LANSING – More farming opportunities have come to northern Michigan this year because of climate changes and global warming, agriculture experts say. According to the Department of Agriculture and Rural Development, Michigan is home to 10 million acres of farmland, but only 10 percent is in the northern parts. Department Director Jamie Clover Adams said there are additional farming opportunities in the north (both the Upper Peninsula and the northern Lower Peninsula) and that there is a trend of more acres being farmed in those regions. “In theory that would mostly be rooted in climate change enabling a longer growing season for areas in northern Michigan,” Jeremy  Nagel, the media relations specialist for the Michigan Farm Bureau, said. Nagel said, “Agriculture up there is mostly hay, some small grains, potatoes, beef cattle and dairy.

Homelessness down statewide, but higher in the Northern Lower Penninsula

Capital News Service
LANSING – While improving economic conditions have reduced homelessness overall in the state, the numbers are still rising for some regions, including the Northern Lower Penninsula. A total of 94,033 people were homeless in Michigan sometime in 2011, according to the Michigan Coalition Against Homelessness. That is down 6 percent from the previous year. That reduction is strong evidence of successful work by programs such as the Michigan Campaign to End Homelessness, said Eric Hufnagel, executive director of the coalition. This campaign was launched in 2006 to prevent homelessness and support people at risk of becoming homeless.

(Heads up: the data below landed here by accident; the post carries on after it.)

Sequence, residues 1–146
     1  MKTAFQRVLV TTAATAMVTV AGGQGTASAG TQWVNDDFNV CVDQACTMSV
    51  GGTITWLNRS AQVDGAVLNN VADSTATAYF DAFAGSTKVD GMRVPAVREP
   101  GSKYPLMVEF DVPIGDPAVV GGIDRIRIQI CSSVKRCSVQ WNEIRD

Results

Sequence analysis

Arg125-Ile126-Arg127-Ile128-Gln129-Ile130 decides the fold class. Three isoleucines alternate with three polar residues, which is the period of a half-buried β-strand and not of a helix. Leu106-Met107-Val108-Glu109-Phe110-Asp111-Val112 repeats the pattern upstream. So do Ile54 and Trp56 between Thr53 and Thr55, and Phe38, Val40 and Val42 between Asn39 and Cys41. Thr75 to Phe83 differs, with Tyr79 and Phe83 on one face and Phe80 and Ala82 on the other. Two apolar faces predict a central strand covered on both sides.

Lawmakers want more local authority over ORVs

Capital News Service